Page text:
Although a Class’ properties can be implemented as public variables, Visual Basic provides the Property Let and Property Get procedures for accessing them. The proper method of implementing a property in your Class is to’ add the following procedures:
Private m_Int Property
Public Property Let IntProperty(new Value As Integer)
m_IntProperty = new Value
Public property.Get IntProperty() As Integer
IntProperty = m_IntProperty
“the private variable mJInt Property is local copy of the property’s value Every time an application sets this property’s value the Property Let procedure is automatically invoked and the new value specified is passed as argument. In other words the line:
!ntProperty = 100
invokes the following procedure in your Class:
Property Let IntProperty(l00)
Assignments to property values invoke a Property Let procedure (one with the same name as the property) to be executed. The procedure’s code can validate the new value and either accept it (and assign it to a local variable) or reject it. Likewise when the host application requests the value of the Int Property property the value of the local variable mJntProperty is passed to it
In the Property Let procedure you can insert all the validation code you see fit. For example here’s how you would implement an Age property:
Public Property Let Age(newValue As Integer)
Select ase newValue
Case < 0: m_Age – 0
Case > 100 : mLAge – 100
Public Property Get Agee) As Integer
IntProperty – m-Age
If the application specifies an invalid age value the Class takes some action that will prevent some serious errors later in the code. The amount of validation code depends on the nature of the property and you can insert as little or as much as you like.
You can also raise errors from with in your Property let procedure which can be trapped. by the application’s code. For example you could implement the Age property as follows:
Public Property Let Age(new Value As Integer)
If newValue < 0 or newValue ~ 100 Then
Err.Raise 1999. _
‘Invalid Age. It must be greater than _
zero and less than 100’
m_Age – newValue
The error is passed back to the application and it will either generate a run time error or it will be trapped by the application’s code. You will find more information on raising errors from within a Class in the section “Raising Errors in a Class.”
You may think of displaying a message with the MsgBox() function from within the procedure’s code. This isn’t such a good idea for two reasons:
1. The message box may not be displayed on the user’s monitor. If the Class resides on a server and is used remotely by an application on a network (or the internet) he will never get a chance to click the OK button and as a result the application will freeze.
2. Since the error isn’t produced by the application’s code you can’t really offer the user descriptive information, just a generic message like “Please enter a valid value.” This action must take place in the application’s code and the best method of reacting to errors in Classes is to raise errors to the calling application and let the application handle it.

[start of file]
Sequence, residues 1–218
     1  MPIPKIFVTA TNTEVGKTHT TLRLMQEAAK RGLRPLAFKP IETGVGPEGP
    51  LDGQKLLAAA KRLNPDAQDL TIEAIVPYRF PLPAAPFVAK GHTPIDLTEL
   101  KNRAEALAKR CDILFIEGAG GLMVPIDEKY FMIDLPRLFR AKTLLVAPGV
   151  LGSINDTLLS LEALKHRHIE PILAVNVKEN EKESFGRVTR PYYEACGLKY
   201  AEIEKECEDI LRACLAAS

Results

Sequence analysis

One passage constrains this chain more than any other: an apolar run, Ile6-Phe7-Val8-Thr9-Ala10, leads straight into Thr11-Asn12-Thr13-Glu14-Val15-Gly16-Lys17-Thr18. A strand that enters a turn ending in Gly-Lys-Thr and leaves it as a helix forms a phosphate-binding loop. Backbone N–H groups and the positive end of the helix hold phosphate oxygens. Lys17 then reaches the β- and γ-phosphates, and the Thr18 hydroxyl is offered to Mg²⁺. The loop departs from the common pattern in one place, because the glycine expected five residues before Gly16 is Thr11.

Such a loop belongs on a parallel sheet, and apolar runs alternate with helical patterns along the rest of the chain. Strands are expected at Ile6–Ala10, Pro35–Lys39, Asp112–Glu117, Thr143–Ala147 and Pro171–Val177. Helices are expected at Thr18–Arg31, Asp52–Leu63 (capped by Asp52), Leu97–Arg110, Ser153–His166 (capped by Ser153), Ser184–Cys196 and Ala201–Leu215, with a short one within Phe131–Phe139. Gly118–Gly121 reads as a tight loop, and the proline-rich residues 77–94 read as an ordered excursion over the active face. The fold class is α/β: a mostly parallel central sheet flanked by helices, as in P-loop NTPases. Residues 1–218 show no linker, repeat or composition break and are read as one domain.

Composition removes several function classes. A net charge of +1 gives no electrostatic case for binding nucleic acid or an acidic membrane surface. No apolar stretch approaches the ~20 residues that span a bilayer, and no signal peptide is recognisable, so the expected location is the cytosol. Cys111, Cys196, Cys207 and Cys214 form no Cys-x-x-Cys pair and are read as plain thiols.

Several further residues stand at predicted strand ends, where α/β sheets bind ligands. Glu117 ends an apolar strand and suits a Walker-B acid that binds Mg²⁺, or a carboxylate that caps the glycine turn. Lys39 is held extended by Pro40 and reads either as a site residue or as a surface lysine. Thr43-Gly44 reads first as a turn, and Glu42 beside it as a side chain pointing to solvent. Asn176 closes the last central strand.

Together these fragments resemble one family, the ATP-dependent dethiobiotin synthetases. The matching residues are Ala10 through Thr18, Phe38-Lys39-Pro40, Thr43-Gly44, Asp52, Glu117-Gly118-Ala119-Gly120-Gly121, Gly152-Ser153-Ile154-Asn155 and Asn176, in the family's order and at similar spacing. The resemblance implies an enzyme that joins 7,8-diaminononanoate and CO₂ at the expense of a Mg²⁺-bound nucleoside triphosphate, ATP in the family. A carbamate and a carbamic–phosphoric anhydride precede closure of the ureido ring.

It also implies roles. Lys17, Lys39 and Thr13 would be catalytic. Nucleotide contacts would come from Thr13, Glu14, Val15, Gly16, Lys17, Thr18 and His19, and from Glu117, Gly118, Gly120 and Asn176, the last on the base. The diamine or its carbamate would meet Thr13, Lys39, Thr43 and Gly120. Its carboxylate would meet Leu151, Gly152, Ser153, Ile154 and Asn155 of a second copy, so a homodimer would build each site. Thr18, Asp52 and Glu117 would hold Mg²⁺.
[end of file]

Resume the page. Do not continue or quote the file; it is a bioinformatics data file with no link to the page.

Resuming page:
However, it’s possible to display message boxes from within a Class or even bring up an entire Form or dialog box and request user input, as long as you keep in mind that the Class’ visible user interface may become invisible if the Class is executed remotely.
Some Classes provide read-only properties. The simplest method of implementing a read-only property is to omit the Property Let procedure as we have done with the .c timer Class You can also raise a trappable run time error which the host application can intercept and then act accordingly. You will see how to raise errors
from within your Class later in this chapter.
Creating Objed Variables
In the last chapter, you learned how to access objects through object variables. You also learned two methods for declaring object variables:
1. Declare an object variable with the New keyword: Private object Var As New object Type
2. Declare an abject variable, and then set it to the object you want to access:
Private object Var.As objectType
Set objectVar New objectType
Both methods require that Visual Basic knows the object’s type
You also would expect Visual Basic to know about Forms, controls, and other types of built-in objects, but what about your custom objects? Visual Basic doesn’t know anything about ~ objects you create, so you must tell it that’ a specific project must access an object by adding a reference to this object to your project. For example, if you want to add the C timer Class to a project, open the Project menu and select References. In the References dialog box that appears, locate the object you want to reference from within your code, and click ‘OK.
If you open the Object Browser window after adding a new reference to your project, you will see the Type library of the recently added object. Select it in the Type Library box to see the Classes it exposes in the Classes pane. The C Timer project exposes a single Class, the c Tuner Class. Click the name of the Class to see-its members.
So unless you ‘add a reference to a specific object to your project you won’t be able to declare variables of this type. There’s also a third method of declaring object variables, the Create Object Q function which requires you to supply the application and Class name. First declare an object variable, and then assign an object instance to it:
Private TMR As Object
Set TMR = Create Object Timer Project C Timer·)
The, Set statement is usually placed in the Form_Load event or in the procedure that needs to access the object. you can change the declaration of the object variable TMR in the test application with the Create Object method shown. The rest of the code remains the same.